● Why has the Watchtower Society suddenly approved the use of the word “religion” relative to the worship of Jehovah’s witnesses?—P. L., New York.
We are not trying to make a new language, but we want to use the language we have to the honor of God’s name, and do so with as little confusion as possible in Kingdom preaching. In the English language the word “religion” means the service or adoration of God or a god, as expressed through certain forms of worship. So the religion may be either true or false, depending upon both the god being worshiped and the form or manner of expressing the worship. If we practice the true form of worship of the true God Jehovah, and if we are speaking the English language, then when discussing our worship we may properly use the English words that will so limit our meaning, namely, “true religion.”
The word “religion” is used in the English Bibles in several places. It is used in the King James Version at James 1:26, 27. There James distinguishes between the vain or false religion (Jas 1:26) and the pure or true religion (Jas 1:27), and does so by appropriately qualifying in each instance the same Greek word, thres·keiʹa. The Greek threskeía is equivalent to the Latin religio, both simply meaning “form of worship”, of which there can be a true and a false kind. From the Latin religio comes the English word “religion”. Study over the footnotes in the New World Translation on the texts at Acts 26:5, Colossians 2:18 and James 1:26, 27, to see how they allow for the use of the words “religion” and “religious”. When the Bible uses the term “religion” it is either properly qualified or the context or setting indicates whether it is speaking of the true or the false. Note how the setting shows that at Isaiah 29:13 it is false religion and at 2 Timothy 3:5 it is true religion, reading both texts from the Moffatt translation.
This viewpoint on the use of the word “religion” was not suddenly adopted by the Society. Careful readers of the Society’s publications have noticed that during the past few years when religion was being discussed the publications were careful to limit any condemnation to false religion. Two years ago Awake! quoted Moffatt’s translation of 2 Timothy 3:1-5, 13, and identified the religion mentioned in that text as being true by inserting this qualification in brackets, as follows: “Though they keep up a form of [true] religion, they will have nothing to do with it as a force.” (September 22, 1949, page 9) So this matter had been under careful study and consideration for a long time, and what was brought out on it at the Theocracy’s Increase Assembly at Yankee Stadium in New York last year was further enlargement and welcome clarification, and not some new idea brought forth suddenly. None should feel upset by the use of the term “religion”. Because we use it does not put us in the class of the tradition-bound false religions, no more than does the calling of ourselves Christians put us in with the false Christians of Christendom.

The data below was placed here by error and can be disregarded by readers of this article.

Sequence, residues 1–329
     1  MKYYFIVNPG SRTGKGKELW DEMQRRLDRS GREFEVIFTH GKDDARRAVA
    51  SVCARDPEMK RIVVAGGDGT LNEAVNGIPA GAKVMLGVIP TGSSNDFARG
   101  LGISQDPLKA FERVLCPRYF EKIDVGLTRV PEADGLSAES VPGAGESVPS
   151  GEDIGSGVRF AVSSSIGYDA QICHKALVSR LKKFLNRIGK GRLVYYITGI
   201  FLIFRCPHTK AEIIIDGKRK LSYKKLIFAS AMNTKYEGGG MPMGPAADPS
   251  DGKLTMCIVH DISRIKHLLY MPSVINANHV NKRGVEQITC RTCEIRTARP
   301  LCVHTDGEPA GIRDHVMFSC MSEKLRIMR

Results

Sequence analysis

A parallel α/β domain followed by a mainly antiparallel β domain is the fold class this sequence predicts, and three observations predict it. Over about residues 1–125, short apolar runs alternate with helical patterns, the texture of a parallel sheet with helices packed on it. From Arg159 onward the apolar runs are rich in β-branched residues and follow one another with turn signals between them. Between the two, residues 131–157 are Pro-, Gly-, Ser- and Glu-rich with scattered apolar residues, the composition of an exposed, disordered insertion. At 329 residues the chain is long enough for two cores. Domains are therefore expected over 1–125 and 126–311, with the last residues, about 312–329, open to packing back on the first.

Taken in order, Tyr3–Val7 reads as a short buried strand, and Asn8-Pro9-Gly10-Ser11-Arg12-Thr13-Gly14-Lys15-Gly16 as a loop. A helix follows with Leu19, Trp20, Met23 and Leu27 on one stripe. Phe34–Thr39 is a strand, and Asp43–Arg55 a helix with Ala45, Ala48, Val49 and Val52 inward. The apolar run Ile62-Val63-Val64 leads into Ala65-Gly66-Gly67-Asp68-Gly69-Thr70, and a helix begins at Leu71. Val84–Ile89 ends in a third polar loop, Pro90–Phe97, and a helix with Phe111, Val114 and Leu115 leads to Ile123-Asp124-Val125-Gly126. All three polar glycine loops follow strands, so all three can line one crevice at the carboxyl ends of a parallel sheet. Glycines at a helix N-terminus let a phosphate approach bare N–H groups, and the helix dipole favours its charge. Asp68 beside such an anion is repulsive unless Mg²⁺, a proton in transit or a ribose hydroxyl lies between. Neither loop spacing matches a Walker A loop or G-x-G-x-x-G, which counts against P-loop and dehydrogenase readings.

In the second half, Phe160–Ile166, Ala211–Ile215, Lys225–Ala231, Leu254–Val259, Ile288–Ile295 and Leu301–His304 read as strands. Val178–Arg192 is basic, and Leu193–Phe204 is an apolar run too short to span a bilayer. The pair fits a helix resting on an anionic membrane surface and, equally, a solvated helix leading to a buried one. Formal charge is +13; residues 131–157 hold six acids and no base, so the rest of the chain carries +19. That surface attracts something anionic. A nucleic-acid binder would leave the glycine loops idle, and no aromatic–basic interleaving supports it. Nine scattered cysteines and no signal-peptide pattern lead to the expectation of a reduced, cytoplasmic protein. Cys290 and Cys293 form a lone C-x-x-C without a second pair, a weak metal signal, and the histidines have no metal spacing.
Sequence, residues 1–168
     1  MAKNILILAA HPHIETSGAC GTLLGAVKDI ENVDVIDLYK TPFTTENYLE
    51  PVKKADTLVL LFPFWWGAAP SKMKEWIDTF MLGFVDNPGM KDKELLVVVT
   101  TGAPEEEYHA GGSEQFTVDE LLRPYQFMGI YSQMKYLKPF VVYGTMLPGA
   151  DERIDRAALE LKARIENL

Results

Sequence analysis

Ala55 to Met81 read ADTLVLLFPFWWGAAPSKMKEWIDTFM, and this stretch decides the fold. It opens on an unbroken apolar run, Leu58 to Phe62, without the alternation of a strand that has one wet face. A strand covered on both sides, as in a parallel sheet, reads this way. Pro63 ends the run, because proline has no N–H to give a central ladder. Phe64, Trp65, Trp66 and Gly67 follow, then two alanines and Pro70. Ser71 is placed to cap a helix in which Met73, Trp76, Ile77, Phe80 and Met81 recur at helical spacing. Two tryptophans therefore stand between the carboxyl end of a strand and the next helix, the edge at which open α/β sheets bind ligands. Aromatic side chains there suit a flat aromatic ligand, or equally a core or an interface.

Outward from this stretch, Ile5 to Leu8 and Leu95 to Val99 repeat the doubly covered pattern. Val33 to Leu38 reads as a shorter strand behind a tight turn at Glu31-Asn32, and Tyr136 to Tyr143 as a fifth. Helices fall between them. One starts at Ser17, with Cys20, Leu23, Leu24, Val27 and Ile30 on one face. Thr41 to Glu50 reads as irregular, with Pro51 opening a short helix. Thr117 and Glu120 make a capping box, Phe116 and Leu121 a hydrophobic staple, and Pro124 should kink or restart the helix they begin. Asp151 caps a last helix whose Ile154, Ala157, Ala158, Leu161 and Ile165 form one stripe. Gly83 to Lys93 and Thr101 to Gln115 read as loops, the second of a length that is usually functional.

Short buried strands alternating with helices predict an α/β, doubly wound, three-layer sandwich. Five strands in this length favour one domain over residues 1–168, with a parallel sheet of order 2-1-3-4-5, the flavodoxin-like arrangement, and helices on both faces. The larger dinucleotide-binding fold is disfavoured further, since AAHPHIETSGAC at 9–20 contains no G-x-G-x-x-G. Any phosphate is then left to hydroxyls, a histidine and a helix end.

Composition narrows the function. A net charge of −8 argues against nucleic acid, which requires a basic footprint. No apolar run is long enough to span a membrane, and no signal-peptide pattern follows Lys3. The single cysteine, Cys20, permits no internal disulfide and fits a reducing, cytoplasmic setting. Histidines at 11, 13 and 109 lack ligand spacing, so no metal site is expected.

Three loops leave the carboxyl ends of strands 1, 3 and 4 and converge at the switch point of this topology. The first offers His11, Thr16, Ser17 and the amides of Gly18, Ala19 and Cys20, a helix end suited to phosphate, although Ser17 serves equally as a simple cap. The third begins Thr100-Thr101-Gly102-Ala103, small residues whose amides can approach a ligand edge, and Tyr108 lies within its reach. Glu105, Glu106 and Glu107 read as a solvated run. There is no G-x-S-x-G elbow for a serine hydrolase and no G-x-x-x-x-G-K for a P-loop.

● Why did the October 15, 1950, Watchtower accent the last syllable of the Greek word for “soul” (psy·cheʹ), whereas the New World Translation Appendix accents the first syllable (psyʹche)? Also, this appendix states that this Greek word occurs 102 times in the Christian Greek Scriptures, but the book “Let God Be True” says that it occurs 105 times. Which is right?—Reader in Guatemala.
When The Watchtower of October 15 printed the word psy·cheʹ with the accent on the last syllable it was giving this word according to the Greek accent. You can prove that the Greek accent is on the last syllable by turning to the New World Translation Appendix, page 762, where the Greek word in Greek characters is printed. However, when this appendix uses the word psyʹche, with the accent on the first syllable, then it is giving it the way the word is pronounced in English. You can verify this by going to any fair-sized English dictionary and looking up the word psyche. We printed the accent on the first syllable here to show how the word is generally pronounced in English, as a two-syllable word.
Also, the New World Translation is correct in saying that the word occurs in the Greek text just 102 times, because this translation is based upon the Greek text of Westcott and Hort, of 1881. Where the book “Let God Be True”, page 60, says that the Greek word occurs 105 times, it is discussing the King James Version and the Greek text that the translators used back there in 1611. Because the Westcott and Hort Greek text is more accurate, it makes a difference in the number of times that psyʹche is used, reducing the number to 102.